He was the seventh child of John Mason and Alice Rawcliffe, sister of my great grandmother Maria Rawcliffe. The New York Passenger Lists online showed that John Mason sailed from Liverpool to the USA in 1886, to be joined a year later by his wife.
What had prompted the decision to leave their home and extended family in the fishing town of Fleetwood, Lancashire to live in the teeming tenements of Brooklyn?
33 year old Alice travelled with six children between the ages of 1 year and 11 years - Robert William, Jane Elizabeth, John Thomas, James Richard, Margaret Alice and George Rawcliffe - all family Christian names. She managed with just two pieces of baggage!. What on earth was life like for them all on the voyage?
Arthur Valentine was their first born on American soil but his life proved short, and he died 3rd April 1891, just after his third birthday.
But Arthur's name lived on in the family, with son Harold Arthur Victor born a month later on 8th May 1891. More American born children followed - Lilian Eveline in 1894, Bessie Irene in 1896, and Florence Adelaide in 1898.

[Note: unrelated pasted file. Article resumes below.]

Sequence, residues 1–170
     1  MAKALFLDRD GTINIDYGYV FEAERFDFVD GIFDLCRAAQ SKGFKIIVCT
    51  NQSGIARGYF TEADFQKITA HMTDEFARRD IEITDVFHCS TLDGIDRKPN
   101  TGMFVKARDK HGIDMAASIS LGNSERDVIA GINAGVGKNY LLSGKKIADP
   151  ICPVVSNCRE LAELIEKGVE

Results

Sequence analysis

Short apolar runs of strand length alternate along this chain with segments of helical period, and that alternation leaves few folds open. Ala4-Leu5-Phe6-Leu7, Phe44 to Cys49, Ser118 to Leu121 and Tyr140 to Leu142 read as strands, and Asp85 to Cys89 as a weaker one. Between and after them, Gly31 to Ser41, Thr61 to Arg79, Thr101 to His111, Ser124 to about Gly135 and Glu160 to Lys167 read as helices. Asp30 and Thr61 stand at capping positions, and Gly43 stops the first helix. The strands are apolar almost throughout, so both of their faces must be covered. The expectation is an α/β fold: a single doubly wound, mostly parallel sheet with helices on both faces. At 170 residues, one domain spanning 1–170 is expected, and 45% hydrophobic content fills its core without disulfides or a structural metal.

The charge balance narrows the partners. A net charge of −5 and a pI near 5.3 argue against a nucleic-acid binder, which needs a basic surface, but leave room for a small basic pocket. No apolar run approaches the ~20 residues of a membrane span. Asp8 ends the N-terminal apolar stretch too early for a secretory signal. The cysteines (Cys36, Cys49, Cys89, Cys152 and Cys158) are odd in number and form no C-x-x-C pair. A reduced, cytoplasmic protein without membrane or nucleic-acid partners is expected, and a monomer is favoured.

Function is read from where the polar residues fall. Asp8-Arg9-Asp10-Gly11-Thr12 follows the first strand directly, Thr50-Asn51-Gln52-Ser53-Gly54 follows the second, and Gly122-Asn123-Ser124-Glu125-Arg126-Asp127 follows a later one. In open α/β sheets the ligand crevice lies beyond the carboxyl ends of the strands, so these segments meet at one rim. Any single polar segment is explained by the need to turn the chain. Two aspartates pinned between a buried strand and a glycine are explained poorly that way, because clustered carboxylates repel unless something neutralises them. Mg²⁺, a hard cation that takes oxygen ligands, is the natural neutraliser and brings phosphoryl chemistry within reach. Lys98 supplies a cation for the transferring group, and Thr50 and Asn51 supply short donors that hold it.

|John Mason with his youngest daughter Florence Adelaide, c.1906|
Sadly Lilian and Bessie, too, did not survive infancy. Was the loss of three children in New York something to do with the crowded living conditions they encountered there?
The 1900 census for the City of New York, Brooklyn showed the large Mason household of ten living at 72 Hall Street, in what was probably an apartment building with four other families at the same address. John was described as an insurance agent.
By the time of the 1920 Census, the family had moved across river to New Jersey, and their descendants remain there today.
It is all thanks to the power of the Internet and then my blogging activity that I discovered the story of my American connections, with thanks to Bonnie, my third cousin, granddaughter of Florence above.
Sympathy Sunday is one of many daily prompts on Geneabloggers to encourage bloggers to record their family history